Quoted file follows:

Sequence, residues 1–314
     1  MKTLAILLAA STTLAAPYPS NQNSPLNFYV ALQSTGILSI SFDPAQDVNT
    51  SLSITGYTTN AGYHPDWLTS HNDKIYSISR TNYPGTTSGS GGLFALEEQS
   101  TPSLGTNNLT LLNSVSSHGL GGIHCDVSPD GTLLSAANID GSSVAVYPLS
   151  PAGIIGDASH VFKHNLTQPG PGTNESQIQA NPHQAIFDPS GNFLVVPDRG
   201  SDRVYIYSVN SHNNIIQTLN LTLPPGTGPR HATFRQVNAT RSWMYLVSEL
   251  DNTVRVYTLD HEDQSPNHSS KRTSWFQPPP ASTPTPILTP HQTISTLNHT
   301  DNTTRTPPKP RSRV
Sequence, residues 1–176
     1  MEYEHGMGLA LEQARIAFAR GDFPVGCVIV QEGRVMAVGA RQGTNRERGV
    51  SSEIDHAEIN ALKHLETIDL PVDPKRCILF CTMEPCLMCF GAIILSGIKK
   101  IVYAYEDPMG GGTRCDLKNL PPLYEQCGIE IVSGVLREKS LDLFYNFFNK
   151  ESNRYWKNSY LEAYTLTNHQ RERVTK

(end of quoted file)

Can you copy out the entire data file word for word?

Sequence, residues 1–314
     1  MKTLAILLAA STTLAAPYPS NQNSPLNFYV ALQSTGILSI SFDPAQDVNT
    51  SLSITGYTTN AGYHPDWLTS HNDKIYSISR TNYPGTTSGS GGLFALEEQS
   101  TPSLGTNNLT LLNSVSSHGL GGIHCDVSPD GTLLSAANID GSSVAVYPLS
   151  PAGIIGDASH VFKHNLTQPG PGTNESQIQA NPHQAIFDPS GNFLVVPDRG
   201  SDRVYIYSVN SHNNIIQTLN LTLPPGTGPR HATFRQVNAT RSWMYLVSEL
   251  DNTVRVYTLD HEDQSPNHSS KRTSWFQPPP ASTPTPILTP HQTISTLNHT
   301  DNTTRTPPKP RSRV
Sequence, residues 1–176
     1  MEYEHGMGLA LEQARIAFAR GDFPVGCVIV QEGRVMAVGA RQGTNRERGV
    51  SSEIDHAEIN ALKHLETIDL PVDPKRCILF CTMEPCLMCF GAIILSGIKK
   101  IVYAYEDPMG GGTRCDLKNL PPLYEQCGIE IVSGVLREKS LDLFYNFFNK
   151  ESNRYWKNSY LEAYTLTNHQ RERVTK